This is the foundation of Jung’s theory of synchronicity.

Jung, C. G. On the Nature of the Psyche. The Collected Works of C. G. Jung. (Vol. 8) (R. F. C. Hull, Trans.). Princeton: Princeton, 1954.

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Danger Lurks Below


The supreme danger which threatens individuals as well as whole nations is a psychic danger (Jung 590 ).

We usually think of the unconscious mind as being the source of creativity and blessing for our lives. We have been taught that if we could only become more conscious of what lies in the depths below, we would become more balanced and whole. This is true to a certain extent, but there is a ferociousness in the dark abyss of the unconscious that can rip us to shreds. And this is not the case for individuals only. Human societies are also subject to the volcanic, eruptive fury of the unconscious. We have seen this time and time again throughout history. There is no better example than Hitler and the Holocaust in the 20th century. The once glorious hope of The Enlightenment that Reason would triumph over the irrationality of mankind and bring us to a new age of peace and prosperity has been trampled under by the awful implements of war and atrocity. And for the individual seeking individuation, the notion of a life filled only with goodness and well-being has been shown to be unattainable and naive.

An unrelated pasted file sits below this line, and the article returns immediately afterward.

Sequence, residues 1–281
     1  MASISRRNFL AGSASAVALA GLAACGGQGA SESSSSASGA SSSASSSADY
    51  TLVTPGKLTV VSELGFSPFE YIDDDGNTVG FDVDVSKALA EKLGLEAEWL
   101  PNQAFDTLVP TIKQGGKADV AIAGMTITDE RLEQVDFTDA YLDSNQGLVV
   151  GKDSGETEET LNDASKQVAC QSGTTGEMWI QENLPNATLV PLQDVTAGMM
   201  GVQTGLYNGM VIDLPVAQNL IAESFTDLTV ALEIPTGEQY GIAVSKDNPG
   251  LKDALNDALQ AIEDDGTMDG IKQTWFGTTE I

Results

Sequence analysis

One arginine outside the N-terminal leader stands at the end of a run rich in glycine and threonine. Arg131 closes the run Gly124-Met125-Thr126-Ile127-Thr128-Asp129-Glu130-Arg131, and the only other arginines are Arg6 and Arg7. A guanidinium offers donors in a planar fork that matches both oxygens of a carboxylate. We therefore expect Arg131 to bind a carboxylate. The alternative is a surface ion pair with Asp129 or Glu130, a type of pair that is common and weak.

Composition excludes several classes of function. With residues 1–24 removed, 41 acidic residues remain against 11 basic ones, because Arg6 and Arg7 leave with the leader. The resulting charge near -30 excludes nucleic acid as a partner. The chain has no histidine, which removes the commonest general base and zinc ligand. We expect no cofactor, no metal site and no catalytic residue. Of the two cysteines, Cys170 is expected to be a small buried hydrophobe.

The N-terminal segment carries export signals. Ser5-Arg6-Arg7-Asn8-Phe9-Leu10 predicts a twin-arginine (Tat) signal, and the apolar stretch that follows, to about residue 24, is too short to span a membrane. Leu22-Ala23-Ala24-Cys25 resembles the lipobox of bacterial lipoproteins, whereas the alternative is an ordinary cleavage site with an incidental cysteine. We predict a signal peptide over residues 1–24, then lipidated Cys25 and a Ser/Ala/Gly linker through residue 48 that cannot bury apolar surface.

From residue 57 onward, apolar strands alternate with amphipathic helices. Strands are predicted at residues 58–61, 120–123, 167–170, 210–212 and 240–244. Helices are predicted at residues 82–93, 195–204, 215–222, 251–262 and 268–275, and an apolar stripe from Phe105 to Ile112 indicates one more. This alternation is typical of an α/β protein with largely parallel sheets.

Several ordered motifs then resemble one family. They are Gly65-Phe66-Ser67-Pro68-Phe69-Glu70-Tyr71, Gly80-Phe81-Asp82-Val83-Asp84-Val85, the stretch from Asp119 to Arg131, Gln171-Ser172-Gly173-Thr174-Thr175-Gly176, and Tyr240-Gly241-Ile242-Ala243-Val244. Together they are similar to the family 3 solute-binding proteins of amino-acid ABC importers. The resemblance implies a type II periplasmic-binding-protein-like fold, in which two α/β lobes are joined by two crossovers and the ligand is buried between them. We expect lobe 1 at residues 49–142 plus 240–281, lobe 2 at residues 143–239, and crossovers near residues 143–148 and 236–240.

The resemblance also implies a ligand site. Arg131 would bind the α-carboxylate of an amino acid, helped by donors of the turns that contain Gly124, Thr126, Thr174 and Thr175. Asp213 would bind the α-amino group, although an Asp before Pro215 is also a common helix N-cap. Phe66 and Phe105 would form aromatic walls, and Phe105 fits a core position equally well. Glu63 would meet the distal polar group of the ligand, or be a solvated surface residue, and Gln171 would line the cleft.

According to Carl Jung,

Reason has proved itself completely powerless, precisely because its arguments have an effect only on the conscious mind and not on the unconscious. The great­est danger of all comes from the masses, in whom the effects of the unconscious pile up cumulatively and the reasonableness of the conscious mind is stifled. Every mass organization is a latent danger just as much as a heap of dynamite is. It lets loose effects which no man wants and no man can stop. It is therefore in the highest degree desirable that a knowledge of psychology should spread so that men can understand the source of the supreme dangers that threaten them. Not by arming to the teeth, each for itself, can the nations defend themselves in the long run from the frightful catastrophes of modern war. The heaping up of arms is itself a call to war. Rather must they recognize those psychic conditions under which the unconscious bursts the dykes of consciousness and overwhelms it (ibid.).